Take a walk along a row of parked cars pretty much anywhere in the UAE and you'll probably have to peek through 100 windows before you'll find a car with a manual transmission. But Catherine Langley, a Dubai-based magazine journalist from the UK, has always bucked the country's automatic transmission trend, and her latest car, a 2009 Ford Fiesta, is no exception.
"I've always driven a manual and I'm not too keen on automatics because I think they turn people into lazy drivers," says Langley. "I was lucky that the showroom I went to had a batch of manual cars that, strangely enough, they couldn't get rid of, so I snapped one up straight away.
"The gentleman who sold it to me was actually a manual driver himself. We had a bit of a laugh about how we're in the minority here," Langley says. The purchase of the new Fiesta ended Langley's run of driving less than reliable cars and, so far, she is delighted with her purchase and it suits her sensible style of driving. "It's not exactly a Lamborghini when your foot hits the floor, but then I pootle along like an old lady anyway, so what need would I have for a speed machine?" she asks with a laugh.
"I've never owned a brand new car in my life and I decided that before I hit 30 - I'm 29 - I wanted to drive out of a car showroom, sniffing that new car smell," she says. "I know it sounds cheesy, but it was kind of a rite of passage - plus I'd absolutely had it up to the eyeballs with my friends mocking me for driving a rust bucket." Before the Fiesta, Langley says she was "a bit of a banger magnet".
"My first car was a clapped-out Rover Metro that my big brother gave to me after he rescued it from a scrap yard," she recalls. "The banger trend followed when I moved to Dubai six years ago - I was the classic victim of the highly skilled second-hand car salesman in Al Awir." The smooth-talking salesman convinced Langley that a bright red Suzuki Jimny would be a good buy. She says it ran well for "about a nanosecond" before she spent "the next half decade carting it in for repairs.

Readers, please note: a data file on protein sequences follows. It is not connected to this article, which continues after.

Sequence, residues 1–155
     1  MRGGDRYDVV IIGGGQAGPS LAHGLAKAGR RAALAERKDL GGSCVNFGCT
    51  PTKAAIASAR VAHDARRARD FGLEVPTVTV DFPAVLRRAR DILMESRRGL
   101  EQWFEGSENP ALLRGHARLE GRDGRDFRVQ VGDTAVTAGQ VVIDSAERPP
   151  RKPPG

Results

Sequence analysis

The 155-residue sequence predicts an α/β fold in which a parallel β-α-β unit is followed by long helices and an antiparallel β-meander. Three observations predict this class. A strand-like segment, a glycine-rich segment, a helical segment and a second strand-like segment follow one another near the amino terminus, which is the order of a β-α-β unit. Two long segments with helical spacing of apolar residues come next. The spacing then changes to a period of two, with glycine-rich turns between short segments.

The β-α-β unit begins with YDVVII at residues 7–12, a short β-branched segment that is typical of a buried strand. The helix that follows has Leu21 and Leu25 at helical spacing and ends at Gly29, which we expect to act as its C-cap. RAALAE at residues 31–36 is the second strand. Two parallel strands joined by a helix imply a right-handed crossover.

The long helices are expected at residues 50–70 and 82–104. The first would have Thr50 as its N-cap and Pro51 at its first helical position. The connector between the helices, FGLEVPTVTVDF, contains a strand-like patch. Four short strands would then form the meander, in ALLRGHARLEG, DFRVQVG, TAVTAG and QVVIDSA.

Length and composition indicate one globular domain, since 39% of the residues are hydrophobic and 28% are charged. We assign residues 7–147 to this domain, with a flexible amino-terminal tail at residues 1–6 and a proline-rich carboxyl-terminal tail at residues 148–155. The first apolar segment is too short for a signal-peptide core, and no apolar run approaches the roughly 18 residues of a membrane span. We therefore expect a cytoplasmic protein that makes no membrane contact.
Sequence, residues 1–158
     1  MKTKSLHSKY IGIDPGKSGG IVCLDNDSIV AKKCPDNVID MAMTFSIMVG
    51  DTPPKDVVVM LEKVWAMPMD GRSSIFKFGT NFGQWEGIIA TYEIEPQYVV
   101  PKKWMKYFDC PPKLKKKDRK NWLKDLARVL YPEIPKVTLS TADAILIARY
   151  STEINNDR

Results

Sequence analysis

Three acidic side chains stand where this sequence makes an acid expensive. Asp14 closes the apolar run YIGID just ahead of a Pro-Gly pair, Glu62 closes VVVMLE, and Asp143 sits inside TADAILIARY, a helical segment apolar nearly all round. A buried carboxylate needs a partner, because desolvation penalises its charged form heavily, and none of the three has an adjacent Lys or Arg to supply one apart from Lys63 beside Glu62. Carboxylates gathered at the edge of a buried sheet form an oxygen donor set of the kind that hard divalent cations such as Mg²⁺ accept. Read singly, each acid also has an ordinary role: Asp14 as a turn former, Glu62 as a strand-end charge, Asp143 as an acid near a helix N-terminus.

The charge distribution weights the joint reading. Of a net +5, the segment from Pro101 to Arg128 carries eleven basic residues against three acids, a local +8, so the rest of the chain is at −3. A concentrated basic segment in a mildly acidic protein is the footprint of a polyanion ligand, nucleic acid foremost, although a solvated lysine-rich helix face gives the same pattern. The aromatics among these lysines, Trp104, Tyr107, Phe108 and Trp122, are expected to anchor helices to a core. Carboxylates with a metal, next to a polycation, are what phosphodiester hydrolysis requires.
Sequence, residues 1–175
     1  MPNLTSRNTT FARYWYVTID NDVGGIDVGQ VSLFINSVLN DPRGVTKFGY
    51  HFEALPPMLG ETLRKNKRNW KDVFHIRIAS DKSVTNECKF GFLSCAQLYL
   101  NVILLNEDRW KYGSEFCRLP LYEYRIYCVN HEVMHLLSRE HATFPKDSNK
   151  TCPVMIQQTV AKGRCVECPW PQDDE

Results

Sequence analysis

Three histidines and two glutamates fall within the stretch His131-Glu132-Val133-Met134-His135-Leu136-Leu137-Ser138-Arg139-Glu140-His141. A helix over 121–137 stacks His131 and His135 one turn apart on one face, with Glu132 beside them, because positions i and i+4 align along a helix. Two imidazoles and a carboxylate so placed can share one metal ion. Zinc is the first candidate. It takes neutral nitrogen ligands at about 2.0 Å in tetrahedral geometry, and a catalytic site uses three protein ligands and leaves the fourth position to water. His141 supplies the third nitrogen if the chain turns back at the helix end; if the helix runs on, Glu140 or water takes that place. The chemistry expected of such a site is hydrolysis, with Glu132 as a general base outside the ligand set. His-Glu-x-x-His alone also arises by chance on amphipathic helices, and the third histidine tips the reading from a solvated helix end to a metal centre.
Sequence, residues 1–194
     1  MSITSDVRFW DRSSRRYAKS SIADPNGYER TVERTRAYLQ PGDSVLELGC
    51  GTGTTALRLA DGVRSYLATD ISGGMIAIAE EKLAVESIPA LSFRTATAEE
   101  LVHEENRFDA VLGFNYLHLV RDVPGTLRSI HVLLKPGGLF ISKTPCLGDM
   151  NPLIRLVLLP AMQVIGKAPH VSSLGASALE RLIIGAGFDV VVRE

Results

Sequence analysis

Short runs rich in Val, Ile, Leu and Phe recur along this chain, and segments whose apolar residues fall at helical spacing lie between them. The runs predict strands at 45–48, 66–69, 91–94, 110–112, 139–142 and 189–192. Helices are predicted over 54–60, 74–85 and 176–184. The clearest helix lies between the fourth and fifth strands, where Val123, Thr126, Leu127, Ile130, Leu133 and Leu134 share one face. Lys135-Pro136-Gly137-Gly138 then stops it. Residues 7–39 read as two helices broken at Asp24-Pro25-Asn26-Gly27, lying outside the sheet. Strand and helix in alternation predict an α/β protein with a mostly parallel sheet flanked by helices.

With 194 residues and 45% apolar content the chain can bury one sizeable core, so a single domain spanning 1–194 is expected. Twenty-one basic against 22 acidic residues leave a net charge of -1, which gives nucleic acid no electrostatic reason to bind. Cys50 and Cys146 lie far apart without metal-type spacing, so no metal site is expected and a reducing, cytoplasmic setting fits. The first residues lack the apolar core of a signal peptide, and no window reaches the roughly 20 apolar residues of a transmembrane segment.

"I still feel a lot of affection for that old banger, but I wasn't sad to see it go," says Langley, adding that it experienced constant breakdowns and had no a/c for three summers. Langley says the biggest humiliation in the Jimny was breaking down on the Garhoud Bridge, with the embarrassment of causing a long tailback compounded by an errant ex-boyfriend. "A guy I'd been dating happened to drive past at the exact moment I was desperately trying to revive my vehicle - it was so embarrassing, and the worst part was, the guy didn't even stop to help!"
Another breakdown, signified by "the familiar smell of burning oil" en route to Abu Dhabi caused her to miss the opportunity to be at an exclusive invitation-only lunch with the 1980s pop star Lionel Richie as the guest of honour. But with the Jimny now in the possession of a desert adventure company that uses it as a runaround vehicle for the staff, Langley is looking forward to many happy miles ahead in a reliable, air-conditioned car. So far there have been no Jimny-style misadventures in the Fiesta apart from getting lost.
"I have no sense of direction so I'm always getting lost - I recently ended up in Sharjah when I was on my way to Abu Dhabi but the great thing about the Fiesta is that it has a great a/c so now it doesn't matter if I've overshot by 50km - a regular occurrence by the way - because at least I can keep cool." The best part of owning the Fiesta for Langley is her nightly drive home from her office in Garhoud to her home in the heart of Dubai.
"I really like my drive home in the evening - down Sheikh Zayed Road towards the Burj Khalifa. There's nothing like that skyline as the sun sets behind that tower. It's breathtaking."